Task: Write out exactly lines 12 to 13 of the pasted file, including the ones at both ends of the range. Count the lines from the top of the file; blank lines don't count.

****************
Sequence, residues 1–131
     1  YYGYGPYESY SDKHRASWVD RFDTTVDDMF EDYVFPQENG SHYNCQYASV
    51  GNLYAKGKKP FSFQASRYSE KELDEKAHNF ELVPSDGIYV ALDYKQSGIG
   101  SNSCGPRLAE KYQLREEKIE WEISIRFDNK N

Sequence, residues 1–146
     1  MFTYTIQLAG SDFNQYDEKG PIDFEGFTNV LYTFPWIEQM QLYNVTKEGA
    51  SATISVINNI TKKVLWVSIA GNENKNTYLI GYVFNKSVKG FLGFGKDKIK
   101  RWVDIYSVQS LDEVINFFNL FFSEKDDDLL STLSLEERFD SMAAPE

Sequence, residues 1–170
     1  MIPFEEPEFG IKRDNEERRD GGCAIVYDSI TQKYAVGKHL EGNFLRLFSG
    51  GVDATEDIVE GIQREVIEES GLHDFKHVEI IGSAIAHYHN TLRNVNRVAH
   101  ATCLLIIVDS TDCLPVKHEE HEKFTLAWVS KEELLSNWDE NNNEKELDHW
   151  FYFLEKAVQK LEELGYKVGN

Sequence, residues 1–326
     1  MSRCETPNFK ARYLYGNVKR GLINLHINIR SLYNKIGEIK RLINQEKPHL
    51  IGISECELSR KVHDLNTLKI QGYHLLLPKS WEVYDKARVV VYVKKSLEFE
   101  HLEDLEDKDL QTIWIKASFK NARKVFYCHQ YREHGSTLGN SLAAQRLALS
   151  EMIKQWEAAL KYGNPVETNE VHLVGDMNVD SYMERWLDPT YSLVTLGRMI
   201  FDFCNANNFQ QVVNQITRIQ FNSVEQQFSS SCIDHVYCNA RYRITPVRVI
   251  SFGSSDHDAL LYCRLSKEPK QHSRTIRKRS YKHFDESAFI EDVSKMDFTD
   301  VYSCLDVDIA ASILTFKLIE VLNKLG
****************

   101  ATCLLIIVDS TDCLPVKHEE HEKFTLAWVS KEELLSNWDE NNNEKELDHW
   151  FYFLEKAVQK LEELGYKVGN